United States Resumes Repatriation Flights to Cuba With the Transfer of 150 Immigrants

A Coast Guard Station Key West boat crew on scene with a 21-foot vessel with 22 people aboard approximately seven miles south of Key West, Fla., on July 23, 2021. (U.S. Coast Guard Auxiliary) Immigration & Border Securi
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14ymedio bigger14ymedio, Havana, 24 April 2023 — A group of about 150 Cubans was repatriated to the Island this Monday on a flight that took off from Miami International Airport, in the first return of this type, by air from the United States, in two years. According to Univision 23 journalist Mario Vallejo, these people were held at the Krome Processing Center in charge of the Immigration and Customs Control Service.

“At least four buses left Krome for the airport,” he said through a video uploaded to his social networks. “By 8 in the morning they were on the airplane.”

Vallejo said that some relatives of these Cubans confirmed from the Island that they were visited by staff of the Ministry of the Interior to ask them “if they could receive” the returnees and that this process would take place in the next few hours; however this “was today,” the journalist said.

Meanwhile, reporter Mario J. Pentón of América Tevé, confirmed that the group of migrants arrived in Havana, but that they have not been able to move to their respective destinations, due to the fuel crisis that affects the entire Island. “Apparently they don’t have gasoline to transport those from the provinces” and the habaneros “are expected to be released in the next few hours.” He reiterated that neither the Cuban regime nor the US government has said anything.

Last Saturday, relatives of several Cubans detained in South Florida demonstrated in Miami to demand the release of those who entered through the U.S. southern border or by sea and lost their “credible fear” interviews.

The immigration lawyer, Miguel Inda Romero, told Univision 23 that they had as an alternative “what is called a deportation strike, since some of them have relatives who are residents or citizens who could make petitions for them, or simply be released under supervision as there are more than forty thousand Cubans.”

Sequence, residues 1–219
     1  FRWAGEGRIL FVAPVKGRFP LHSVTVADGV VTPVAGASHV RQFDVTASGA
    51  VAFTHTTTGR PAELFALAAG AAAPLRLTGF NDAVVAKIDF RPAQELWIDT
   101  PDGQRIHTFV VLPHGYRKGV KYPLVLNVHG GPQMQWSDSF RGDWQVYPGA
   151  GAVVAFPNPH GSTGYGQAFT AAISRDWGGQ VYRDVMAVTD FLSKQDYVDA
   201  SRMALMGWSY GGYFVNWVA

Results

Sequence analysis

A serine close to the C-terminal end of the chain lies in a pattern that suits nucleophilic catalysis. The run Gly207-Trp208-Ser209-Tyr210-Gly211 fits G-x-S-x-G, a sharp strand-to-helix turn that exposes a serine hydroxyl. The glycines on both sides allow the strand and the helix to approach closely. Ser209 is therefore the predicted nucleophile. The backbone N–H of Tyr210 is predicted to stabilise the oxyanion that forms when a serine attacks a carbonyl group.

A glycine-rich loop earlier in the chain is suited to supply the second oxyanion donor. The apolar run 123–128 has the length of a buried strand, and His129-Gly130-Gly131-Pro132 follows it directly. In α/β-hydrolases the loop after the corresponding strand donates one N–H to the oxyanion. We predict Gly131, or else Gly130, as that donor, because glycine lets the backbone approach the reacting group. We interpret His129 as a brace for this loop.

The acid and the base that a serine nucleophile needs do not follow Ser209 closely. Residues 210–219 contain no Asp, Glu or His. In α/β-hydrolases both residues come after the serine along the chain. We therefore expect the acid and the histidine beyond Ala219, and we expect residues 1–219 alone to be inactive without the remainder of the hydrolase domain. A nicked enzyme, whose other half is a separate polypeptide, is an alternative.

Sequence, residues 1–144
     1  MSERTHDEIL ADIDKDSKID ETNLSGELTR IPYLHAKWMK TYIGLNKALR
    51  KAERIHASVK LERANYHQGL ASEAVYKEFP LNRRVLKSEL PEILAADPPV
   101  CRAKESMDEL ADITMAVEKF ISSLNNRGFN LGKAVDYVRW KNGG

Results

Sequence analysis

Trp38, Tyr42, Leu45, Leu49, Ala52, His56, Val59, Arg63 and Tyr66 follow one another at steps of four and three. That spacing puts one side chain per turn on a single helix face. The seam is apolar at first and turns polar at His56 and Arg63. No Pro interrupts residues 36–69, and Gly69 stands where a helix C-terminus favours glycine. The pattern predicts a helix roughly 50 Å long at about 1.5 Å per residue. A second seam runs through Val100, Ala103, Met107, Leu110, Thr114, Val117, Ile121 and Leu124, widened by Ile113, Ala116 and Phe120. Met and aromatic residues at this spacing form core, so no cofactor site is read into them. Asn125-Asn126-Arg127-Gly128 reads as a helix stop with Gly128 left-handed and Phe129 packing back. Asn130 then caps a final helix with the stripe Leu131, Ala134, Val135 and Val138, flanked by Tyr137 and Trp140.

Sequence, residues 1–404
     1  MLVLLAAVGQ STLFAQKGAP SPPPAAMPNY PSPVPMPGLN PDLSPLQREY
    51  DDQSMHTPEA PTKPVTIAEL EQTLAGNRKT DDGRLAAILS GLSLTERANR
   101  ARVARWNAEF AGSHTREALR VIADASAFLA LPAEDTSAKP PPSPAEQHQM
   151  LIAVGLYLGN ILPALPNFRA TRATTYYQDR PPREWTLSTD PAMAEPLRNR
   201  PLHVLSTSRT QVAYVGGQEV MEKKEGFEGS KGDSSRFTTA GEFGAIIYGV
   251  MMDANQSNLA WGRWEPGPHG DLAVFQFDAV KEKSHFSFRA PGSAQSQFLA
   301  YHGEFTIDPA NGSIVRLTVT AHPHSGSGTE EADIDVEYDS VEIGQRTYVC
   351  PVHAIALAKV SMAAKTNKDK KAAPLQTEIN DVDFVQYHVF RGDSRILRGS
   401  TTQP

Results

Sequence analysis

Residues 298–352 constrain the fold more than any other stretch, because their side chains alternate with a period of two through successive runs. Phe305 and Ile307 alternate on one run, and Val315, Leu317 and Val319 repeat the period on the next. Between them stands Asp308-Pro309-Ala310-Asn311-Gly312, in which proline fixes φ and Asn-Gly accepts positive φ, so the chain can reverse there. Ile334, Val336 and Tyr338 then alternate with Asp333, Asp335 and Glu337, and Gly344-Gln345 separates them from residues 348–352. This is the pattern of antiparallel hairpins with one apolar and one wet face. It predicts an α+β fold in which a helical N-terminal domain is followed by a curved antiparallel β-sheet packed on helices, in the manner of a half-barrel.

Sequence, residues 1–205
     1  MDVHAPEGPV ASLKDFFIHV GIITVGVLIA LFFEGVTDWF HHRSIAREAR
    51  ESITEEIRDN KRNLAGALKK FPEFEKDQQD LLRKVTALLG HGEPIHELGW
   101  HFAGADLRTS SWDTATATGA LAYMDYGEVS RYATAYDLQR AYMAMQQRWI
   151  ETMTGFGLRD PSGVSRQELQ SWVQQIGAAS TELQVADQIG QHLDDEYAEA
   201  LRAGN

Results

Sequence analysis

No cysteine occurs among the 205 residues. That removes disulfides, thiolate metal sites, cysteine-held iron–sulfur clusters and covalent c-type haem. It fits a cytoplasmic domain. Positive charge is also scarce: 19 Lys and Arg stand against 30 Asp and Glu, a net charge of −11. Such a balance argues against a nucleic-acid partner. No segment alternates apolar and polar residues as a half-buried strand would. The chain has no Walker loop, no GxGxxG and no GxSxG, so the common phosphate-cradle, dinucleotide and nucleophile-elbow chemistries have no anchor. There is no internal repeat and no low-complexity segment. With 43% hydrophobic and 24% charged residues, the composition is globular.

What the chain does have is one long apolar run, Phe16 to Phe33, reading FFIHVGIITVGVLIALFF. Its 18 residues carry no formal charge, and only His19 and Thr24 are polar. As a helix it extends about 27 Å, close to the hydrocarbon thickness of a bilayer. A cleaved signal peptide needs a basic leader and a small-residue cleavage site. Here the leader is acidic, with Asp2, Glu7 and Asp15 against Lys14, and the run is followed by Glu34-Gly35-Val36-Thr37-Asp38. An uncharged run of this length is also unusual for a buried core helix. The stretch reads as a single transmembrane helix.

In November of last year, the Cuban government accepted the return by air of migrants who had not entered US territory, unlike those of this group.

The return by air was adopted by the Barack Obama Administration in 2017 as a limited tool to curb the number of Cubans crossing the border, but it was suspended during the coronavirus pandemic until this Monday when about 150 Cubans were repatriated.

This Sunday, the US Coast Guard transferred 20 Cubans who were rescued on Tuesday to the Bahamas on the ship Skipjack. The agency reported that since October of last year, the attempt of 6,449 rafters to reach Florida has been thwarted.

Since Friday, the Border Patrol has kept 26 Cubans in custody, including six children, who managed to disembark on Cayo Marquesas. According to Lieutenant-in-Chief Walter Slosar, they arrived on a homemade raft.

At the beginning of 2023, the US government implemented a policy to receive 30,000 monthly migrants from Venezuela, Haiti, Cuba and Nicaragua.

In parallel, it will immediately expel to Mexico the undocumented from those countries who try to cross the southern border to its territory irregularly.

Mexico, for its part, agreed to admit 30,000 migrants a month who are expelled from U.S. territory.

Translated by Regina Anavy

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